Date: Sat, 22 Sep 2007 18:13:58 +0100
From: Colin Stamp <>
Subject: Re: Have Saab reintroduced hatchback yet?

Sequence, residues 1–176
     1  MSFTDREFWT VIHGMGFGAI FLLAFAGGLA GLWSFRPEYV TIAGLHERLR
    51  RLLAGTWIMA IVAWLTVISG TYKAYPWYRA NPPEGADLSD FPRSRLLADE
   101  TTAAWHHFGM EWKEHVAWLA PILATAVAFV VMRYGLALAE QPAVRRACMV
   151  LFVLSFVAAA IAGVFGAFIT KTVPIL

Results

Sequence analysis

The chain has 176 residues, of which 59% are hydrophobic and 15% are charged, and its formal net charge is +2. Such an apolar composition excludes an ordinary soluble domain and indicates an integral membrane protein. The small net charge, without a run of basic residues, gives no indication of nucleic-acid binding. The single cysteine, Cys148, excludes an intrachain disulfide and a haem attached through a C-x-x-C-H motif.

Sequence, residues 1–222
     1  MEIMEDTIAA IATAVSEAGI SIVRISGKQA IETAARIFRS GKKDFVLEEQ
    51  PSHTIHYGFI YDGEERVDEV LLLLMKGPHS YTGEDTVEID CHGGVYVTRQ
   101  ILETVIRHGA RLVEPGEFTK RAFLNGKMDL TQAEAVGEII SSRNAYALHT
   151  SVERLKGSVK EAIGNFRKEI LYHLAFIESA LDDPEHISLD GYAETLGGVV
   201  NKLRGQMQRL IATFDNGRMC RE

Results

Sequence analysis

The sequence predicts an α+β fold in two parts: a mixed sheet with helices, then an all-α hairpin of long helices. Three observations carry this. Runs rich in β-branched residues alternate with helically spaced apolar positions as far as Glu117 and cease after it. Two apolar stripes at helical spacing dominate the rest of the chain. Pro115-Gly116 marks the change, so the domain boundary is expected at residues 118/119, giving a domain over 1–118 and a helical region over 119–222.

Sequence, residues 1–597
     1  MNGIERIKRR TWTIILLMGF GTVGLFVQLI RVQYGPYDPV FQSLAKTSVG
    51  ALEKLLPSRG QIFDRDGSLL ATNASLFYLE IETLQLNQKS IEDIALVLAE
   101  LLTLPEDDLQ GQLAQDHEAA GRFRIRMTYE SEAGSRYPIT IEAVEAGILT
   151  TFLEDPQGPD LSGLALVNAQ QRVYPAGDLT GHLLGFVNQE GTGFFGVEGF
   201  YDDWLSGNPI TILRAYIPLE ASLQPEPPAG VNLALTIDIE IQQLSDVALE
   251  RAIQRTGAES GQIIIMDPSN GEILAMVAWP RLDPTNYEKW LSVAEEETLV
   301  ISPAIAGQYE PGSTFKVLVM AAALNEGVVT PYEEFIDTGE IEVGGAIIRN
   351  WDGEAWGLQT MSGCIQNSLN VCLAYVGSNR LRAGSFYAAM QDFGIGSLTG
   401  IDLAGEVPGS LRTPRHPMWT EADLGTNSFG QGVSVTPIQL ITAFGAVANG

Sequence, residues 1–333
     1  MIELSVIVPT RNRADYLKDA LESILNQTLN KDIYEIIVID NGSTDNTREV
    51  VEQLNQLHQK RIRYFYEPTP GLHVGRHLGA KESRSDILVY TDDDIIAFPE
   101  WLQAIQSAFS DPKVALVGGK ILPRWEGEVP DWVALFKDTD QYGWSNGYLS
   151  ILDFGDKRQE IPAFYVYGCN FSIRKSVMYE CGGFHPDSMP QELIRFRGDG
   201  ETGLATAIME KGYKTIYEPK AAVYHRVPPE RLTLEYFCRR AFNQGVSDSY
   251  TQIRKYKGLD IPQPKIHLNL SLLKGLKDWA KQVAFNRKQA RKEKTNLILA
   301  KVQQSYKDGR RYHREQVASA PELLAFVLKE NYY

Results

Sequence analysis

On Sat, 22 Sep 2007 16:00:40 +0100, "DervMan" <> wrote: >You're taking it to the extreme and I didn't put it very well. Because of >the length of the chassis, a small movement in degrees can lead to a fairly >chunky movement in millimetres. That's better. As the front of the car >goes over a bump, if the chassis flexes, even by a tiny amount, this gives >the car a loose or bouncy feeling. The suspension is softened as a result, >otherwise you can get a nasty double bump sensation over an undulated road. > >Because the suspension has been softened up for a decent ride, when you come >to a corner it starts to flop about a bit. That's how my 9-3 feels - decent >ride, bit floppy in twisty stuff. > ><If you've tried the current Volkswagen Fox, this car manages it probably >with a stiff chassis set up, heh,> > >It isn't that I dislike the 9-3 - I bought it as a high mileage motorway >tool - but I have the luxury or the misfortune (take your pick) to drive a >whole bunch of new and old machines alike. More modern stuff has the ride >of the 9-3 but is much more responsive on a twisty road. > >Hmm. My Ka's ride, with a braced chassis and Ford Racing suspension, was a >hoot but that's something else. > >With a stiff chassis, the suspension can (and is) made harder for no loss in >ride comfort, but a meaningful improvement in what in marketing speak is >called "vehicle dynamics." Wish they'd just call it "the fun factor" meh. > We've drifted away from the original point here. It had been suggested that saloons had better handling than hatchbacks because they had a smaller opening at the rear. If this extra large hole in the hatchback shell really was moving by such a large amount as to affect the suspension geometry, there would be enormous problems with the unstressed hatch trying to fill that hole whilst it constantly changed shape. This doesn't happen because the opening just isn't changing shape that much. If the chassis flex isn't being caused by the hatch opening then, even if it does affect the handling, it isn't a hatchback problem. >>>It'll only be subtle, the bodywork will be built to a tolerance, so you >>>probably won't notice it - not to mention that windscreens are structural >>>components. But bits move ever so slightly. At the same time the >>>suspension components are also moving. Of a sort, the chassis is >>>partially >>>acting as the suspension. Of course, over a tight corner, the suspension >>>is >>>better at being suspension than the chassis twist. >>> >>>This is partially the reason why your 9-3 will have a top mounted chassis >>>brace in the engine compartment. The other is that it improves crash >>>robustness. >> >> My guess is that the strut brace is more of a marketing ploy than >> anything else - same as the boot spoiler. > >Sorry to disappoint - but the strut brace is both subtle (unlike my Ka's >brace, hehehe) and present in lots of modern stuff. Just because lots of marketing departments have decided to fit one, doesn't make them worthwhile from any perspective other than selling cars. The one in the 9-3 is a particularly cynical example. It turns towards the rear and runs just a few inches away from the bulkhead. It's really not doing anything that the bulkhead wasn't already doing. It's not completely useless though. It makes a really good place to wedge the extension bar when you need to take the tension off the drive belt. >The rear spoiler - is yours the larger, SE-style? It's an Aero one - with a gap underneath. >- helps scrub the rear windscreen of water. We >had four 9-3s and the S model didn't have such as effective rear windscreen >scrub as my SE. Not sure about rear screen clearing, but whilst I was in a Saab dealership a while ago, they had a large poster proudly proclaiming that one of their upgraded spoilers increased the aerodynamic downforce at the rear of the car by a massive 40% thus giving the rear tyres "loads more grip". What it failed to mention was that the downforce only accounts for a vanishingly tiny proportion of the force on the rear tyres - the vast majority of course, comes from the weight of the car. what they should have said was "a completely insignificant amount of extra grip". > >I didn't buy the SE because of the spoiler, of course... :) > I completely ignored the spoiler on mine too. I bought it mainly because of the speaker grilles. >Ford won't stop making the Focus. Actually - yeah - the Focus has a much, >much stiffer chassis than the Escort, it rides and handles so much better, >but it's also between one and two adults heavier... I think the Focus would be a bit small for me. I'm in Mondeo territory, but my 2.5L limit causes problems there. At the moment, If the 9-3 caught fire tomorrow, It looks like the top favorites for the replacement would be a Mazda6 MPS or a Skoda Octavia VRS... Cheers, Colin.

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